Students Should Avoid Three Common Mistakes to Maximize Odds of Financial Aid

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NASFAA Has Advice and Resources To Help Families File The FAFSA

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“Financial aid administrators are here to help demystify the application process and help you attain all the aid for which you qualify,” NASFAA President Justin Draeger said.

The gateway to financial aid for college opens January 1, 2015, making this winter break the ideal time to prepare and complete your application correctly.

The Free Application for Federal Student Aid (FAFSA) is the first step toward finding funding for higher education, but many students don’t apply – and some who do end up making errors that may limit the amount of funding they receive.

The National Association of Student Financial Aid Administrators (NASFAA) wants all students to apply for financial aid, and has free resources to help make the process easier, including a guide on “FAFSA Tips and Common Mistakes To Avoid.”

“Don’t pass up funds that can help you pay for college,” NASFAA President Justin Draeger said. “Financial aid administrators are here to help demystify the application process and help you attain all the aid for which you qualify.”

For starters, avoid making common mistakes by taking these three steps:

1. Finish the application: The FAFSA requires detailed tax information, but the process may not take as long as you think. Using the IRS Data Retrieval tool, the online form pulls information from a user’s IRS data and uses skip logic to auto-populate some fields. Don’t just start the application – see it through to the end.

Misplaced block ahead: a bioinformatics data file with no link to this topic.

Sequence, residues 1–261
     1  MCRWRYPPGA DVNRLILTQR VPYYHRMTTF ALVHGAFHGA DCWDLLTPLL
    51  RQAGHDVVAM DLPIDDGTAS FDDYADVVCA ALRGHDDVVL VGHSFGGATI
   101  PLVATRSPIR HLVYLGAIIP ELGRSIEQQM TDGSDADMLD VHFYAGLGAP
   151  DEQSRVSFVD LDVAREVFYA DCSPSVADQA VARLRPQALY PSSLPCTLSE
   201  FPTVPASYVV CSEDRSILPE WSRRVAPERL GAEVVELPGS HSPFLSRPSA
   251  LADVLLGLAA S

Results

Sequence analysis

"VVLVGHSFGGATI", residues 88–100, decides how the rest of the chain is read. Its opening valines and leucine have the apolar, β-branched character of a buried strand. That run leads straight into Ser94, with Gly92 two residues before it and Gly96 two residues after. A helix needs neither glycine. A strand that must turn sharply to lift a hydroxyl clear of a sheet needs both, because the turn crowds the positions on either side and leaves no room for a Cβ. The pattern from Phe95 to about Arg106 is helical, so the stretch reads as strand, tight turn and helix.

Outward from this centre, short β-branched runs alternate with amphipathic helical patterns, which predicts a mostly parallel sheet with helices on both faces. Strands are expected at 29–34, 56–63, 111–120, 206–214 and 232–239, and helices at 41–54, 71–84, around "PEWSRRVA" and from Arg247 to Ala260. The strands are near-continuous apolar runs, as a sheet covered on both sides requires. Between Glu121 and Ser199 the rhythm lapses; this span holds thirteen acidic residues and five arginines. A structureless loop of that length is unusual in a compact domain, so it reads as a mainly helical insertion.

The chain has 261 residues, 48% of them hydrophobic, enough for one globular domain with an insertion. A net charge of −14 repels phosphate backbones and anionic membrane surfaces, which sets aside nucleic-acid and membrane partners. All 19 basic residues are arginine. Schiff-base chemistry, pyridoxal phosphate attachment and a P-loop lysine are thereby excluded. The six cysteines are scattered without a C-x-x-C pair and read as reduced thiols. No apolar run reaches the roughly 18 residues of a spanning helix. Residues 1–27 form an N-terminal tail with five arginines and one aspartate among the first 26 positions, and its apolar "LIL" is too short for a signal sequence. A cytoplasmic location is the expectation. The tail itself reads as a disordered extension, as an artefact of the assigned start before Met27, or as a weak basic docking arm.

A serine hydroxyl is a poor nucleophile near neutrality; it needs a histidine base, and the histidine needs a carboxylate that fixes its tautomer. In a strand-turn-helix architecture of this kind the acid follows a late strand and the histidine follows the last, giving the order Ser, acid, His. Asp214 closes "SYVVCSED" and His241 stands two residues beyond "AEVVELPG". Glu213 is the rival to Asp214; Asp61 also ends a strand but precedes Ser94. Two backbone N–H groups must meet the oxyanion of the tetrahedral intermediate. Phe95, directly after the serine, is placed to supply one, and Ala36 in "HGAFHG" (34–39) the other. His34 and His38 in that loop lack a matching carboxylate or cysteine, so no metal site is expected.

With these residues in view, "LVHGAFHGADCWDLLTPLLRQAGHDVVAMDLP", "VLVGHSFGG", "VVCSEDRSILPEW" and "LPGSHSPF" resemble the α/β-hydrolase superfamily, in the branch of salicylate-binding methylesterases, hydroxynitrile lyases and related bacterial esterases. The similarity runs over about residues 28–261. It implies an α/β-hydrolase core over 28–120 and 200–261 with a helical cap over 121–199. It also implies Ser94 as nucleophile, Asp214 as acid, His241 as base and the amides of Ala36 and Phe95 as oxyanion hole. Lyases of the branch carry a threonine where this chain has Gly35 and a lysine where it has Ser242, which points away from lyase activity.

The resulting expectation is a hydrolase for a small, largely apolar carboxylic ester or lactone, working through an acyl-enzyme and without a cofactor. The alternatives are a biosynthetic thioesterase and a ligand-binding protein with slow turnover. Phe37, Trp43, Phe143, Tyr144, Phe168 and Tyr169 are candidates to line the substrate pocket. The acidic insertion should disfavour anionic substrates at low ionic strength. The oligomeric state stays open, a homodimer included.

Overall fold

2. Enter the correct dollar amount your household earned: Last year, some families accidentally appeared to be millionaires when they entered the dollars and cents they earned, and the decimal points added didn’t register in the online FAFSA form. The Department of Education reprocessed more than 300,000 applications to fix the form error. Skip the confusion this year by rounding to the nearest dollar you earned.

3. File each year: Whether you are entering college for the first or fourth year, you should file the FAFSA. Applying for financial aid is an annual process – but some users stop filing the FAFSA after freshman year. The Department of Education offers a Renewal FAFSA to cut down on the time spent each year.

NASFAA has experts on hand to discuss why filing the FAFSA correctly is critical, as well as steps policymakers can take to make the process even simpler in the future. To speak to a NASFAA expert, please email us at news(at)nasfaa(dot)org or call 202-785-6959.

About NASFAA
The National Association of Student Financial Aid Administrators (NASFAA) is a nonprofit membership organization that represents more than 20,000 financial aid professionals at nearly 3,000 colleges, universities, and career schools across the country. NASFAA member institutions serve nine out of every ten undergraduates in the U.S. Based in Washington, DC, NASFAA is the only national association with a primary focus on student aid legislation, regulatory analysis, and training for financial aid administrators. For more information, visit http://www.nasfaa.org.

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Erin Timmons
NASFAA
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